There will be a number of clinical working groups looking at the service areas in detail and at the same time there will be a number of opportunities for patients, public and healthcare staff to give their views too. The work will take place over the next 6 months and conclude in April 2018.

Dr Des Breen, Medical Director for the South Yorkshire and Bassetlaw Health and Care Working Together Partnership added: “As a clinician, I want to ensure all patients receive the best possible care. However, there are local and national factors that we need to consider as we look at how we can continue to give our patients the right care, at the right time and by the most appropriate healthcare professionals. This piece of work is an opportunity for the people who work in the services, along with patients and the public who use the services, to help shape how we do this. I would urge everyone to take time to get involved and give their views on how best we can shape our care moving forward.”

The work is just one part of the overall approach. At the same time as the review, work is underway to develop more and more ways of treating and caring for people in their homes and local clinics, so that they don’t need to go to hospital.

When the work concludes in April 2018 it is anticipated there will be a series of recommendations about what changes could be made to future-proof the services. If those recommendations are accepted full public consultation would take place.

Patient, public, clinicians and staff are invited to get involved. In the first instance this is via an online and paper-based survey. Please contribute to the survey here: or request a paper copy by calling 0114 305 4487 or emailing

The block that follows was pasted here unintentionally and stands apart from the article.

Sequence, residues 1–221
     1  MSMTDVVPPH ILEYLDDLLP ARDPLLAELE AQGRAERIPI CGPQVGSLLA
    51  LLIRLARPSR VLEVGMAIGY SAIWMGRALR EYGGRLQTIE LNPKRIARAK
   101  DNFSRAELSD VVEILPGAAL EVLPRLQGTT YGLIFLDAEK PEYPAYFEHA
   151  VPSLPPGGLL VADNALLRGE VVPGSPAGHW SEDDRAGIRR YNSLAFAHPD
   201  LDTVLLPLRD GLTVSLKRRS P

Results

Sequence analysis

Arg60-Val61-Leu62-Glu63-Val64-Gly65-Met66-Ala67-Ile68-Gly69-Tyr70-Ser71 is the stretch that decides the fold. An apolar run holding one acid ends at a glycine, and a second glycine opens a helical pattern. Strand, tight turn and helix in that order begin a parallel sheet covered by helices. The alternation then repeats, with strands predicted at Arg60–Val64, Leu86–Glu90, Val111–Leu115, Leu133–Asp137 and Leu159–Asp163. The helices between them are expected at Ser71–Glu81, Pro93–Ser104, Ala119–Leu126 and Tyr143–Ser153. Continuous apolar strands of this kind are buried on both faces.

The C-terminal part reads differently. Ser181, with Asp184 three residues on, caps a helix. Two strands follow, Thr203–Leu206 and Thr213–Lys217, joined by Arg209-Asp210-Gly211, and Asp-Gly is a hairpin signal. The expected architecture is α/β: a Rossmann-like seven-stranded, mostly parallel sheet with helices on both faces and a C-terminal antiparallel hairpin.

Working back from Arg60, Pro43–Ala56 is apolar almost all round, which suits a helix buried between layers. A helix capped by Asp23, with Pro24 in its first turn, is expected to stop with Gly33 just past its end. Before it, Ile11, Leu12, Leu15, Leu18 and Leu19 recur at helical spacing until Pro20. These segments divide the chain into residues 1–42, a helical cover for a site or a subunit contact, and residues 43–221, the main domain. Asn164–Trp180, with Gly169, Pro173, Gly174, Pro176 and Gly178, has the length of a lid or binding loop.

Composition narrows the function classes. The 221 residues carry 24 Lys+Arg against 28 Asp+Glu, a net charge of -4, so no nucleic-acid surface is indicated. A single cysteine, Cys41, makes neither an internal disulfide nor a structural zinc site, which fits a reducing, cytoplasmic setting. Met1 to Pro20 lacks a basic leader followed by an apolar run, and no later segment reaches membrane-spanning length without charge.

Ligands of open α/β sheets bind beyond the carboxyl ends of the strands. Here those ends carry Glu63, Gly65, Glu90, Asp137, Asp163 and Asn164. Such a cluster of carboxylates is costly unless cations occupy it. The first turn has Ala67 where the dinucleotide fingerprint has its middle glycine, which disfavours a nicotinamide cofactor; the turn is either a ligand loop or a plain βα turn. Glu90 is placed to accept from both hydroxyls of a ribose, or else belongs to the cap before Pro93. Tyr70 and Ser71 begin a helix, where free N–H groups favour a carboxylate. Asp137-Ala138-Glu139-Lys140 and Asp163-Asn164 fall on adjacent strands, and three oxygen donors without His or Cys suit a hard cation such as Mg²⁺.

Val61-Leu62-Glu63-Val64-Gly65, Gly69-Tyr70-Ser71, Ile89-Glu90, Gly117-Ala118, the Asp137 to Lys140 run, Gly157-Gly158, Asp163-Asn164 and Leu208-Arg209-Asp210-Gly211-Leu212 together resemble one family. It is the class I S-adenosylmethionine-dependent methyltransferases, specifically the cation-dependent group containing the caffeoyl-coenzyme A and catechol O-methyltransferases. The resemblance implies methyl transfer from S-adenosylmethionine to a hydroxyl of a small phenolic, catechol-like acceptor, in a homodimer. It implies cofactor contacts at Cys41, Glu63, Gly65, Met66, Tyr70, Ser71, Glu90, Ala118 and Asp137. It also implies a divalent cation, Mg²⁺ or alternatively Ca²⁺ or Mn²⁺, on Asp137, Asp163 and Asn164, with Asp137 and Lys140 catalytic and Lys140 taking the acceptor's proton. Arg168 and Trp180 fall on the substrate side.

A public event is also being held on 6th December at The Source, Meadowhall. In addition, opportunities to have conversations with local people in each of the towns and city in South Yorkshire and Bassetlaw are being set up and will be publicised on the Health and Care Working Together website. If you would like to express an interest in attending the event please contact

Notes to Editors

a. The independent work will report back to the South Yorkshire and Bassetlaw Health and Care Working Together Partnership. The South Yorkshire and Bassetlaw Health and Care Partnership is one of the first Accountable Care Systems (ACS) which have been created in geographical areas across England to drive forward joined up, better co-ordinated care breaking down the barriers between GPs and hospitals, physical and mental healthcare, social care and the NHS.

b. Previously Professor Welsh was a vascular surgeon before becoming a senior medical manager in the NHS, including Medical Director for NHS Yorkshire and the Humber, Director of Education and Quality at Health Education England. Currently he is the Chair of the Yorkshire and Humber Clinical Senate.

c. The work will take a whole view of stroke services, including acute stroke care, inpatient rehabilitation, early supported discharge, community stroke rehabilitation and transient ischeamic attack (TIA) services. Hyper acute stroke services and proposals to provide them differently across the region have already been widely consulted on and will not form part of this study. A decision on hyper acute stroke services will take place in November 2017.

d. Mid Yorkshire Hospitals are included within the scope of the work because there are some patients who live in Wakefield who access South Yorkshire and Bassetlaw hospitals and vice versa. The hospital is within a different NHS region which is also looking at how it can improve services by working differently. Some of the services have already been consulted on in Mid Yorkshire and we will not be making any recommendations that would change services already agreed.